Not only was he Australian, the official art critic for Time magazine for decades, and the author and narrator of the acclaimed “Shock of the New” and “New Shock of the New”, he was politically astute, and this is entirely relevant.
Hughes comes off a bit like a pompous old toad, but a wonderful one. He lumbered along in his late years after his near fatal car crash, and fearlessly and irreverently shot down trite art and the hedge fund billionaires who could outbid the Metropolitan museum on paintings, and through their unimaginable wealth rerouted the history of art to make pit-stops at their banks. He famously declared Warhol a “stupid” man, and had no time for the likes of Koons or Hirst.
And yet, among the art cognoscenti, there is the notion that Hughes is “conservative”, stuffy, living in the past, or just lacking whatever it takes to see the NEW and appreciate it. People simplistically, and self-servingly think no further than to assume art is like an optical illusion you get or don’t, and Hughes just didn’t get it, perhaps because he was too old.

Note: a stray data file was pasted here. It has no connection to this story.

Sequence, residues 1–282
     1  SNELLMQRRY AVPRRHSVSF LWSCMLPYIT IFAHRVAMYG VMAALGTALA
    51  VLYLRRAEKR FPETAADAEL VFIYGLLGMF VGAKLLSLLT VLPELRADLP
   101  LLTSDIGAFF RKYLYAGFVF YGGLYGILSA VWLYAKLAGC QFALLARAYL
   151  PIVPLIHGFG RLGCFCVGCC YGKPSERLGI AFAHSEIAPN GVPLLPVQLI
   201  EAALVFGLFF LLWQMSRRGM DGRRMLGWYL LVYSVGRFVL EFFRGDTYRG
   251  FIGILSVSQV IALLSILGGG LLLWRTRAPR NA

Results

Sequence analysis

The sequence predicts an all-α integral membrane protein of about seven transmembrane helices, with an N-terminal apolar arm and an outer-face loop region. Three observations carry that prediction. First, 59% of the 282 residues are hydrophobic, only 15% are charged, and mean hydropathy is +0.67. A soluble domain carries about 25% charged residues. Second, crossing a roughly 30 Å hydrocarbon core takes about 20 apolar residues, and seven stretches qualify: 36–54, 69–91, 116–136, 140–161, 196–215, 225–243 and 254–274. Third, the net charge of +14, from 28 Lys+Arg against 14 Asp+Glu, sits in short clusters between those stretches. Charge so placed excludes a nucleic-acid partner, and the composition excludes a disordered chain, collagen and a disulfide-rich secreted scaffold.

I’m a huge fan of Hughes, though I’ve only recently discovered him. I distanced myself from the contemporary art world for the better part of 2 decades following my tragic immersion in graduate level art instruction in vengefully politically correct art, which was also rabidly white anti-male, and absolutely anti-me. I didn’t discover Hughes until after I came back to make art, however I wanted, in time I’m taking off and paying for myself. My distance from the art world – including living in Asia for over 6 years – gave me an objective distance the art world. So I began to write with conviction, not because I intended to write art criticism, but because I felt passionate about tackling this or that issue. What I was surprised to find in Hughes was someone who echoed the conclusions I’d come to on my own.